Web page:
I picked up Feynman’s 1964 book, Six Easy Pieces the other day. It has been released as part of a new collection of reprints from Penguin that sell for just NZ$12.95 each and, at that price, I’ll read just about anything.
And what a pleasant surprise!
This is a book about physics which would be enough to put most people off right from the start but it has a few things going for it. Firstly, it’s a pretty thin book (only 138 pages) which, combined with the word ‘easy’ in the title, reassures you that even if you’ve bitten off more than you can chew at least it will all be over in short order. Secondly, it’s written by the late Richard Feynman who, by all accounts was one of the smartest physicists of recent time as well as a damn fine artist and bongo player to boot.
The book is aimed at people who, like me, have a high school understanding of physics but little else. But I’m sure that whether you only vaguely understand that our world is made of atoms or you daydream about quantum entanglement, you’ll find this an entertaining and enlightening read.
As the title suggests, the book is broken into six chapters, each derived from lectures he gave at Caltech. The first, Atoms in Motion for me was perhaps the most staggering. It neatly explains how atoms work and how these workings relate to everything from heat to chemical structures and even why ice expands when cold while just about everything else contracts. Second is Basic Physics which gives a brief history of our understanding of the way the universe works and introduces an enormously useful analogy of science being like observers of a celestial chess game where we begin to notice patterns and rules but are nowhere near able to actually play the game ourselves because every once in a while we observe something completely left-field the equivalent of castling. Third is The Relation of Physics to Other Sciences where we see that the behaviour of atoms helps to explain the behaviour of chemicals which helps to explain the behaviour of rocks and living things. Fourth is Conservation of Energy which gets pretty mathematical but explains the relationship between the law and most (all?) of the equations that underpin physics as well as showing why the recently popular claims of free energy simply can’t happen. Fifth is The Theory of Gravitation which, after explaining the history behind our discoveries ends up concluding that we still have no idea what gravity is. And sixth and finally, the moment everyone waits for, Quantum Behaviour. Feynman walks us through analogies of experiments with particles and waves and then goes on to show that, at the level of the atom, nothing behaves like we expect it to. He shows that the maths is reliable but that we just can’t reconcile it with our natural understanding of the physical world. But all throughout the book he has been highlighting just how much we don’t know and this somehow turns my potential despair at quantum behaviour into a kind of exciting challenge that we can still make headway but that we might have to rely a little less on intuition and more on the evidence provided by experimentation.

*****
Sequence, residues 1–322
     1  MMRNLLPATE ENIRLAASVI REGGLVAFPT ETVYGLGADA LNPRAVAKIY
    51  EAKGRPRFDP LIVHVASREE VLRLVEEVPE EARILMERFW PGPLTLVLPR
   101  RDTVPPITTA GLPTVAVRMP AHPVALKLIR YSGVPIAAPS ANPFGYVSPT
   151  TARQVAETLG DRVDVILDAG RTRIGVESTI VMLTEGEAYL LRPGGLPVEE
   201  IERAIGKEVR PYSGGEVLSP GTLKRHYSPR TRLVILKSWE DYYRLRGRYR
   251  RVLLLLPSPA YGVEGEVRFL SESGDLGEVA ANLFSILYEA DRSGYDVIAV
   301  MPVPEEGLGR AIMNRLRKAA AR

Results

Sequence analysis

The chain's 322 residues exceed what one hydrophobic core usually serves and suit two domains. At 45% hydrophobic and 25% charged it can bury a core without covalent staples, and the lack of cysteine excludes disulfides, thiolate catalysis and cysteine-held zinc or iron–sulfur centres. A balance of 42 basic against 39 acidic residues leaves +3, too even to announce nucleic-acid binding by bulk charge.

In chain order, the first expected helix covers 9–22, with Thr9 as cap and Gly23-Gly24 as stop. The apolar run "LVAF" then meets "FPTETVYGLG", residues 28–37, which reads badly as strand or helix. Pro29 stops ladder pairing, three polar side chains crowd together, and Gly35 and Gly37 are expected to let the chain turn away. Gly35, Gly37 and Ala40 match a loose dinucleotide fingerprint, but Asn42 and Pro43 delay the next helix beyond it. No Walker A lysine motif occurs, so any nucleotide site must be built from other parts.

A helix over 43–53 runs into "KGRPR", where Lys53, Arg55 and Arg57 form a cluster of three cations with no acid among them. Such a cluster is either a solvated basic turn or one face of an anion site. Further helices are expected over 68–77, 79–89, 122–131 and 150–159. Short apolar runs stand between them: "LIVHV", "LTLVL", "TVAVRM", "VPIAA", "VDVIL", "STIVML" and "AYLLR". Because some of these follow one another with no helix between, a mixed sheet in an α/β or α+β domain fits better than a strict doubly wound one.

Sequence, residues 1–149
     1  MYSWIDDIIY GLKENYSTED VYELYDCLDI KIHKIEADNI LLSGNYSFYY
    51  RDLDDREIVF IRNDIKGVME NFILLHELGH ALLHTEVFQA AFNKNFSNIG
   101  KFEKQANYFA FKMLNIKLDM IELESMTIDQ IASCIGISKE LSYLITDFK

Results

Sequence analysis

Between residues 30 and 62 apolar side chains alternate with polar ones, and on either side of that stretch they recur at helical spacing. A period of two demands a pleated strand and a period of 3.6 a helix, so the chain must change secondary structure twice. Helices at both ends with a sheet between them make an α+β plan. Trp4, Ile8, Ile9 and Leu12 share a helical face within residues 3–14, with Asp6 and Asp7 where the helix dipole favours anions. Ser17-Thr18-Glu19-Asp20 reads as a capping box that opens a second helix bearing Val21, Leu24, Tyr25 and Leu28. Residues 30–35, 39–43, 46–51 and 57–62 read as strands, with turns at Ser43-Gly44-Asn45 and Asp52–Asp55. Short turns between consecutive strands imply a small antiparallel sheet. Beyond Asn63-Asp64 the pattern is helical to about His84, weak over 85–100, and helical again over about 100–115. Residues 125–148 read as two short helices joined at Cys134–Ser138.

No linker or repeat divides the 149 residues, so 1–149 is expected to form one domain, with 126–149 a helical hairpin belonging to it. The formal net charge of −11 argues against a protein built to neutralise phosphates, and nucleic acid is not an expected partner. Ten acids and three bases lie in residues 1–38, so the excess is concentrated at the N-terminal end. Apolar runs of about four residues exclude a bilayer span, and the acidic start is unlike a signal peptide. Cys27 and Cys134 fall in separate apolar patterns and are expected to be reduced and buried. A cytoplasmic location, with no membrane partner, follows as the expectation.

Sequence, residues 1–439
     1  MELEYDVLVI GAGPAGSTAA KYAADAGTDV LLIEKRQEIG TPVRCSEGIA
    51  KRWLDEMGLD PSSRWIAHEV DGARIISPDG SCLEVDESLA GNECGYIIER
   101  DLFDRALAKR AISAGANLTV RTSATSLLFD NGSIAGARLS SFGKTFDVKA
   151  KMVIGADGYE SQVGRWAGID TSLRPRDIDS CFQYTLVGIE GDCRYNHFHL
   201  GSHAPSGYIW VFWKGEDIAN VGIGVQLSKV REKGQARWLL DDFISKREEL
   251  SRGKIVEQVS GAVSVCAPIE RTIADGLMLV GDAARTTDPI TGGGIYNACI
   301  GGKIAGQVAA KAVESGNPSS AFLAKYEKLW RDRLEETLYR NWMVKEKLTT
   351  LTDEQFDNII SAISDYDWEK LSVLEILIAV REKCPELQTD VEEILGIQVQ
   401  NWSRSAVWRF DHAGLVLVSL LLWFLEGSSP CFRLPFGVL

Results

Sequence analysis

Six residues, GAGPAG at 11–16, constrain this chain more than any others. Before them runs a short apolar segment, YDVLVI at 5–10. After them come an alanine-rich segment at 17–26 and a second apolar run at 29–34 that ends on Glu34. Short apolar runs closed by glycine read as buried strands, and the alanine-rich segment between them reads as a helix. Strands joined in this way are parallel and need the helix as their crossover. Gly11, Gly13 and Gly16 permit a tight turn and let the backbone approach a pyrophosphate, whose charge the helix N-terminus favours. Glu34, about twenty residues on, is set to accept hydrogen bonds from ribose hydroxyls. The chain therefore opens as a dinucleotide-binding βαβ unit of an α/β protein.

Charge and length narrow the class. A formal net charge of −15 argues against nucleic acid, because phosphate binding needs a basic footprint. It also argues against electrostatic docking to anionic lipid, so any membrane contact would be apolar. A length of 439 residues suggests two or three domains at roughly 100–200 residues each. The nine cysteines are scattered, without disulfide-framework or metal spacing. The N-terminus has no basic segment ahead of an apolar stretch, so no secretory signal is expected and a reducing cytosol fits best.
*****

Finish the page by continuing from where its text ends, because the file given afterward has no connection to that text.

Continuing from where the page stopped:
In summary, if you spot the rack of bright orange books in your local bookstore, keep an eye out for this one and grab it if you can. It’ll only take a moment out of your life and, if you are only ever going to read one book about physics, this is definitely the book you should read. (I also managed to pick up Pinker’s The Language Instinct from the same collection too – that’s next on my list after I finish Dawkins’ The Ancestor’s Tale and Diamond’s Guns, Germs and Steel).